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The New York Times, June 2, 1916

On June 1, 1916, after five months, the Senate confirmed Brandeis. President Wilson said, “I never signed any commission with such satisfaction as I signed his.”

Serial and Government Publications Division, Library of Congress

The New York Times, June 2, 1916

Furious Confirmation Battle 1916

Louis D. Brandeis—called the “People’s Lawyer”— had built a national reputation by fighting monopolies and defending consumers. He also was the first person of Jewish descent nominated to the Supreme Court. In the furious 1916 confirmation battle, opponents of the controversial lawyer, some veiling their anti-Semitism, called Brandeis a dangerous radical lacking judicial temperament.

The Senate Judiciary Committee held unprecedented public hearings on the Brandeis nomination. Prominent witnesses assailed Brandeis as unfit to serve. President Woodrow Wilson staunchly defended his nominee as “a friend of all just men and a lover of the right.” The Senate ultimately confirmed Brandeis by a vote of 47–22. During his 23 years on the bench, Louis Brandeis earned a place as one of the Supreme Court’s most respected and influential members.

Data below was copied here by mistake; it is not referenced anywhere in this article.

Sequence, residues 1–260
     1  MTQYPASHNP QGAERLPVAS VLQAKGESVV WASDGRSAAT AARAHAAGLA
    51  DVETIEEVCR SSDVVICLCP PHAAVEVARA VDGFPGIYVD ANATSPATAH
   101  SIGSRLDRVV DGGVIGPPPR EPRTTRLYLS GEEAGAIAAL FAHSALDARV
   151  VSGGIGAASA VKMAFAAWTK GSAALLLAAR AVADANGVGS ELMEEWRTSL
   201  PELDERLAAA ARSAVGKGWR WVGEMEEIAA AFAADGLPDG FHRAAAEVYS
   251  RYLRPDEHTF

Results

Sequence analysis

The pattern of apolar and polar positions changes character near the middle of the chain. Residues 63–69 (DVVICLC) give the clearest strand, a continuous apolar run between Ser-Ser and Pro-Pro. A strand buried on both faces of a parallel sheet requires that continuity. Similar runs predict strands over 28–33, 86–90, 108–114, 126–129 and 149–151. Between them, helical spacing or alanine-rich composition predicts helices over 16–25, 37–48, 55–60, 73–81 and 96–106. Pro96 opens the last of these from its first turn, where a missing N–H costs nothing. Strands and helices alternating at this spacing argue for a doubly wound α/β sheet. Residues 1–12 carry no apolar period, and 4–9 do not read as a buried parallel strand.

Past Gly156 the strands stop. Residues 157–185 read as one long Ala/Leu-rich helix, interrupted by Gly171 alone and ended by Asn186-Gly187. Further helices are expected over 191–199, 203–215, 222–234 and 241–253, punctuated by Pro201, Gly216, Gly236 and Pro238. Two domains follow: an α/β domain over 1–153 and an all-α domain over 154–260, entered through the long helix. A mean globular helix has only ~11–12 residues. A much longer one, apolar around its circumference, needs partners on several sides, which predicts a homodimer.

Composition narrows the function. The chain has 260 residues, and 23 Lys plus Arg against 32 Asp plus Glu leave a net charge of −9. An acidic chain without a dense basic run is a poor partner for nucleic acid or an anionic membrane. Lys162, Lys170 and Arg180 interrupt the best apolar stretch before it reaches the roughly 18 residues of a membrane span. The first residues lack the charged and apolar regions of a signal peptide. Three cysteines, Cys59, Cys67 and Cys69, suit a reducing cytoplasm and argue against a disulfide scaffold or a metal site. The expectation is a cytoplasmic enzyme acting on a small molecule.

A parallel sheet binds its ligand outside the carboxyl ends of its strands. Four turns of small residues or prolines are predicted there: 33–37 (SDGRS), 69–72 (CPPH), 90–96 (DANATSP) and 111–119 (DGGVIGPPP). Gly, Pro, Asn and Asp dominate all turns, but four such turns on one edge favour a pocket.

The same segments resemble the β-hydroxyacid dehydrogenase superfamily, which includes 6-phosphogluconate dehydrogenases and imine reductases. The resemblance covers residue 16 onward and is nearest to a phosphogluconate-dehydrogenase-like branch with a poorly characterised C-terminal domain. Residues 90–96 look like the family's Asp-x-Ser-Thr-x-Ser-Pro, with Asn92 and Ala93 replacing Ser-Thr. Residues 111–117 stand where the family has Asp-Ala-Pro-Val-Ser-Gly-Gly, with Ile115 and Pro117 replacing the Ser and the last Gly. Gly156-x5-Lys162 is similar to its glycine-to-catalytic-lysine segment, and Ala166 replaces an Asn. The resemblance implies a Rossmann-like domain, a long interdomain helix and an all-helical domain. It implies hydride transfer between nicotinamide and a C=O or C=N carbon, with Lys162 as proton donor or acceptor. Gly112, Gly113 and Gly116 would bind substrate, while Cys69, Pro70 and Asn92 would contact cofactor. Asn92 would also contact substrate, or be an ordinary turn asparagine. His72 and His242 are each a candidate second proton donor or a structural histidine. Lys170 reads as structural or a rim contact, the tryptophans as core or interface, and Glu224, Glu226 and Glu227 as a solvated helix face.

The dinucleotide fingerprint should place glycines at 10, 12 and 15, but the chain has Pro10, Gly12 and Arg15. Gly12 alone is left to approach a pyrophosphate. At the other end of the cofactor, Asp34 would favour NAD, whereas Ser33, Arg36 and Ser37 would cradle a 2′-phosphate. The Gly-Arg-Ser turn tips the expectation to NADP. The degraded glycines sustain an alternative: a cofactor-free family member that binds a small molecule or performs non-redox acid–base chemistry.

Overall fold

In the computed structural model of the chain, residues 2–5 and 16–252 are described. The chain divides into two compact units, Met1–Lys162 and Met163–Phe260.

"... a friend of all just men and a lover of the right."
—President Woodrow Wilson, describing Louis D. Brandeis, May 5, 1916